“The guards are accused of taking bribes to arrange for customers to leave the testing room with their exams, which they gave to a surrogate test-taker outside who looked up the answers on a laptop computer. The guards would allow the test-takers to enter and leave the testing rooms.”
There are many other examples of this kind of cheating at test centers – a good source of information is Caveon’s blog about cheating in the news. Caveon and Questionmark recently announced a partnership to generally enhance the security of high-stakes testing programs. The partnership with Caveon will also provide Questionmark’s customers with easy access to consulting services to help them enhance the security of the exams.
Of course, most test center proctors are honest and most test center exams are fair, but there are enough problems to raise concerns. Online proctoring has some security disadvantages, too:
- Although improvements are being developed, it is harder for the proctor to check whether an ID is genuine when looking at it through a camera.
- A remote camera in the candidate’s own environment is less capable of spotting some forms of cheating than a controlled environment in a test center.
But there are also genuine security advantages. It is much harder for an online proctor to get to know a candidate to be able to coach him or her or receive a payment to help in other ways.
- Because proctors can be assigned randomly and without any geographic connection, it’s much less likely for the proctor and candidate to be able to pre-arrange any bad behavior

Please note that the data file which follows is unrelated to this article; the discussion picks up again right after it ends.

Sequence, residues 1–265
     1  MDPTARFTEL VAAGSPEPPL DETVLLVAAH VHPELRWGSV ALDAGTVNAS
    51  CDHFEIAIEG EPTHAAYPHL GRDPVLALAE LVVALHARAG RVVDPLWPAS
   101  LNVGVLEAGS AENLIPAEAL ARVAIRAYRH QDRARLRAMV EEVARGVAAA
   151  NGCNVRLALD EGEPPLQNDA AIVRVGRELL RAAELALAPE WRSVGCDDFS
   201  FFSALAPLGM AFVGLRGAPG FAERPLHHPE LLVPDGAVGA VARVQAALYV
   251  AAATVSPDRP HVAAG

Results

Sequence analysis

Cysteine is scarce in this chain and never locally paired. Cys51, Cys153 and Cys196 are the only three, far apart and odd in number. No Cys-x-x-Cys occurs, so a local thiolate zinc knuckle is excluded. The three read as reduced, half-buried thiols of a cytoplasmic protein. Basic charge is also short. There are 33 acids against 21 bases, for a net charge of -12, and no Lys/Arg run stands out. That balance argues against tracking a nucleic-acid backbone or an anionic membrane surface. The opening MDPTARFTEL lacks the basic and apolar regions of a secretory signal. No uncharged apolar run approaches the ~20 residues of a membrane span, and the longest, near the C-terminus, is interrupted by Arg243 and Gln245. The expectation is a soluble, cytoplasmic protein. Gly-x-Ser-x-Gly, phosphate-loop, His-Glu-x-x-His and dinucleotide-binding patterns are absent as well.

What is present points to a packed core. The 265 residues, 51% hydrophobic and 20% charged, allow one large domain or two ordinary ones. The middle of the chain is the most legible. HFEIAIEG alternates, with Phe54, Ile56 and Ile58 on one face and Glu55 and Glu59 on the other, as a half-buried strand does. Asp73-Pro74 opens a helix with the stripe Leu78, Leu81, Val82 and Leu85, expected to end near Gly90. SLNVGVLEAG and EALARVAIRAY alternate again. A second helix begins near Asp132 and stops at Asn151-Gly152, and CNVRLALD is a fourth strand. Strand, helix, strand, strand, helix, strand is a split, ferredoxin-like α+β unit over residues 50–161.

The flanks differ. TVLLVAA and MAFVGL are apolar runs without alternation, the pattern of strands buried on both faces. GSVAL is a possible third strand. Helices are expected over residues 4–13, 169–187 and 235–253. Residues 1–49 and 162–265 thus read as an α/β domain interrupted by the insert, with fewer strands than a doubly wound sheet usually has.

- All communication between proctor and candidate is electronic and can be logged, so the candidate cannot easily make an inappropriate approach during the exam.
- While test center proctors have easy access to exam content which can lead to various types of security breaches, online proctors can be restricted from viewing the exam content through the use of such technologies as secure browsers.
- Because there is less difficulty and cost involved in online proctoring than when the candidate travels to a physical test center, it’s practical to test more frequently– and this is a security benefit. If there is frequent testing, it may be simpler for a candidate to learn the material and pass the test honestly than put a lot of effort into cheating. If you have several exams, you can also compare the pictures of a candidate at each exam to reduce the chance of impersonation.
In summary, the main reason for online proctoring is that it saves time and money over going to a brick-and-mortar test center. The security advantages and disadvantages of test center versus online proctoring are open to debate. Dealing with security vulnerabilities requires constant vigilance. With new online proctoring technologies enhancing exam security, many certification programs are now transitioning away from test centers. Traditionally a test center was a secure place to administer exams, but in practice, there have been so many incidents of proctor dishonesty over the years that online proctoring is likely justifiable for security reasons.